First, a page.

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Serving Trafficking Victims

Responding to Trafficking

Your response to trafficked victims may differ from the way you typically respond to victims of sexual assault. For example, trafficked victims may be arrested before they are identified as victims. Their level of danger may be extraordinarily high because most traffickers are part of an organized criminal enterprise—and offenders have much to lose. Human trafficking is closely linked to other criminal activities such as extortion, racketeering, money laundering, bribery, drug use, gambling, conspiracy, document forgery, and visa, mail, and wire fraud. The consequences of trafficking in these situations have severe political, economic, criminal, and health implications for victims.66

Consider the following recommendations,67 which may help you to identify resource or service gaps in your response to sex trafficking victims. Although the information is not exhaustive, it can be used as a starting point for developing guidelines that will help you coordinate victims' safety and services while also meeting criminal justice objectives.

  • Develop confidentiality guidelines specific to victims of trafficking: Danger to the victim increases based on the complexity of the case and stage of the investigation. Assess the level of danger by determining the victims' abilities to function on their own, identifying who may be looking for them, and assessing the degree of threat lurking within your own community. For example, victims' arrests can tip off traffickers, who may try to remove remaining victims from the area, retaliate against the victims, or threaten the victim or other victims if they cooperate with the police.
  • Build interagency relationships and identify points of contact: If you establish specific points-of-contact within community and governmental agencies, you can promote more efficient responses and easier access for victims. Collaborate with housing entities, local employers, translation/interpretation services, and medical, dental, and mental health providers to help ensure that trafficking victims will encounter knowledgeable practitioners, regardless of where they first seek services.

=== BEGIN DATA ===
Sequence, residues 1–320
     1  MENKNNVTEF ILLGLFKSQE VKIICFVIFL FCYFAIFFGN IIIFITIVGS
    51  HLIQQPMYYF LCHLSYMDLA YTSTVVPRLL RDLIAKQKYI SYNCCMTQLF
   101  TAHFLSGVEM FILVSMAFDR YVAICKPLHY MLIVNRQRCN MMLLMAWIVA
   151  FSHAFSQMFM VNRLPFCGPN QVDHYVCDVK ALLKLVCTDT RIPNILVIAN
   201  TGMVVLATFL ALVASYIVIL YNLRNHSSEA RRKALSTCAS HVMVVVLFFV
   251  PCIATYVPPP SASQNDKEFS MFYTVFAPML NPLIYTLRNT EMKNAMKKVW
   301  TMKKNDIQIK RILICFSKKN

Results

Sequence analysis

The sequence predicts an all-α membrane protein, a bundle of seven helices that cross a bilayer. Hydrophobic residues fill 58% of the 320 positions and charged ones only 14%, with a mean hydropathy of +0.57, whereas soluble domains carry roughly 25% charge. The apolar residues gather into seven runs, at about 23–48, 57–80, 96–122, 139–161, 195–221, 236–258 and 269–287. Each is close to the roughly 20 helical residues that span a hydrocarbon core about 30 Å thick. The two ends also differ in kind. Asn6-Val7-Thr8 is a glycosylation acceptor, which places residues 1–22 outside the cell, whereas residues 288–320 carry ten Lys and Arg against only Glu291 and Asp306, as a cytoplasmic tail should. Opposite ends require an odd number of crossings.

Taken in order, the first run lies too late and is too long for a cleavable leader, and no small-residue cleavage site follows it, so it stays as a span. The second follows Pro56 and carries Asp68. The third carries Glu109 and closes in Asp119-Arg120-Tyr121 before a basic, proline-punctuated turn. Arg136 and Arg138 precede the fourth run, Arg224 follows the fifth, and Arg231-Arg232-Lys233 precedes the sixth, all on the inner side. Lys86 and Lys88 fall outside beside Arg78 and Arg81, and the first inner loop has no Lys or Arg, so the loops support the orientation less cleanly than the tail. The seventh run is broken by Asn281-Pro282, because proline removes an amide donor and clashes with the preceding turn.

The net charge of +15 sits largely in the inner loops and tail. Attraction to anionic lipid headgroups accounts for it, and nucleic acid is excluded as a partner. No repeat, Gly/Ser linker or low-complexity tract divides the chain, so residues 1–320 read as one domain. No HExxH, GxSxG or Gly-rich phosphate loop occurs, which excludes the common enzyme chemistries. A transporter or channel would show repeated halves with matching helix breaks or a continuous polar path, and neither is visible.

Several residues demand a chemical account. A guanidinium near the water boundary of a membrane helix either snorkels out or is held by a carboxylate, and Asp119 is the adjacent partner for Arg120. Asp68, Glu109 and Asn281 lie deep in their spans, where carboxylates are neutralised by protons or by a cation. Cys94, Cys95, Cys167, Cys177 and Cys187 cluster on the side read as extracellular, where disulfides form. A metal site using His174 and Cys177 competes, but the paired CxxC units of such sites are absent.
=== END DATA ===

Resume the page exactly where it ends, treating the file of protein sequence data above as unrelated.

• Use protocols to define interagency responsibilities: Trafficking victims need services from numerous staff and multiple agencies. Establishing protocols that specifically define each SART agency's roles and responsibilities in responding to trafficking victims will help ensure that trafficking victims' rights and criminal justice objectives are consistently met. Consider creating memorandums of understanding (MOUs) with community partners to document your guidelines.
  • Develop multidisciplinary skills-based training: Concentrate your training efforts on reporting, outreach, cultural sensitivity, and knowledge and understanding of human trafficking. Evaluating this training is imperative to ensuring its appropriateness, uniformity, and effectiveness.
  • Create public awareness campaigns: Public awareness campaigns may be a safe way to offer sex trafficking victims information. Campaign materials (e.g., advertisements on ethnic radio and television stations and newspapers, fliers in laundromats, supermarkets, and churches) must be easy to understand and should not require much reading. Victims may only have a brief period to read or hear the information simply because traffickers may closely monitor their actions. You may also consider increasing outreach through your sexual assault awareness month activities.
The Right Tool

In This Toolkit:

  • Team up victims with case managers of the same ethnicity and culture to increase cultural sensitivity: Case managers of the same ethnicity as victims can build trust by overcoming language differences and providing culturally sensitive services through intimate knowledge of victims' cultural values.
  • Create housing resources: Not only do trafficking victims need immediate emergency housing, but they also need safe transitional housing as they attempt to integrate into American life.
  • Work to end sexual exploitation: Strategically engage the media as partners to develop prevention education messages that show sex trafficking as a human rights issue with deep social impact. Collaboration with the media can ignite public awareness, give voice to the hidden issue of sex trafficking, and bring to light the trauma that victims endure.